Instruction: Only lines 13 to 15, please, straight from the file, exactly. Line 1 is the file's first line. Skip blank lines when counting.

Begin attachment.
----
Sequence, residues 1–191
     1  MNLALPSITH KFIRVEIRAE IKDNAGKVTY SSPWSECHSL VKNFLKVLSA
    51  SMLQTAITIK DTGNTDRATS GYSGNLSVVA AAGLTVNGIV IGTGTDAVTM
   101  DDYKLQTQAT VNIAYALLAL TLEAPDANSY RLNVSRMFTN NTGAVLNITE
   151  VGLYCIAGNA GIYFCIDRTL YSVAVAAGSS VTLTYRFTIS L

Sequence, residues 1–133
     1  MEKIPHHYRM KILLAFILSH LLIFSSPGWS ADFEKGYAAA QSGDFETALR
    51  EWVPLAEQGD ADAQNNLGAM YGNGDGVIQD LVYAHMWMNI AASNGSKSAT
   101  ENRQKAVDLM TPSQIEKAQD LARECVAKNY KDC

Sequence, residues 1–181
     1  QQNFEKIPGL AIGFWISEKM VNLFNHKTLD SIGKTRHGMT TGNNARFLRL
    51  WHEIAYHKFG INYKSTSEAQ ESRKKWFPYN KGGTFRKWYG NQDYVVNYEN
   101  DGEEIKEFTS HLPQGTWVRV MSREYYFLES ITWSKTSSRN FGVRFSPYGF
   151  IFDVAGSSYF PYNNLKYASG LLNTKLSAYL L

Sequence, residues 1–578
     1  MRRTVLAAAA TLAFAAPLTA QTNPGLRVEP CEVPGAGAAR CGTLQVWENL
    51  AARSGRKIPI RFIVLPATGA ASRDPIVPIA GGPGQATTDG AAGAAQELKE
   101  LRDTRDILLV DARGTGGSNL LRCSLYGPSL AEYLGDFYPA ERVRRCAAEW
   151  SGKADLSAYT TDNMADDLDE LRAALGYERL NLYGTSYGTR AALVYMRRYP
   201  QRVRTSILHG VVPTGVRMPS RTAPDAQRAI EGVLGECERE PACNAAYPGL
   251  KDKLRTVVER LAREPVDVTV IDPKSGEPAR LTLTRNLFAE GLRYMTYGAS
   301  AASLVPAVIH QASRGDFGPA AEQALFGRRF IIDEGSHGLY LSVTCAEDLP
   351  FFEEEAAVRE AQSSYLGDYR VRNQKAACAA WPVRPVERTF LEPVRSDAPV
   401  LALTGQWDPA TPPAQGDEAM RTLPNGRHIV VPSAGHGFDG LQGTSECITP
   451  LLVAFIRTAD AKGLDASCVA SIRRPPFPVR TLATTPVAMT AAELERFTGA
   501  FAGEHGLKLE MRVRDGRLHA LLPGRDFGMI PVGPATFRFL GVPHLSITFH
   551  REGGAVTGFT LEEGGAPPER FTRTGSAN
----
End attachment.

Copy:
   101  DGEEIKEFTS HLPQGTWVRV MSREYYFLES ITWSKTSSRN FGVRFSPYGF
   151  IFDVAGSSYF PYNNLKYASG LLNTKLSAYL L

Sequence, residues 1–578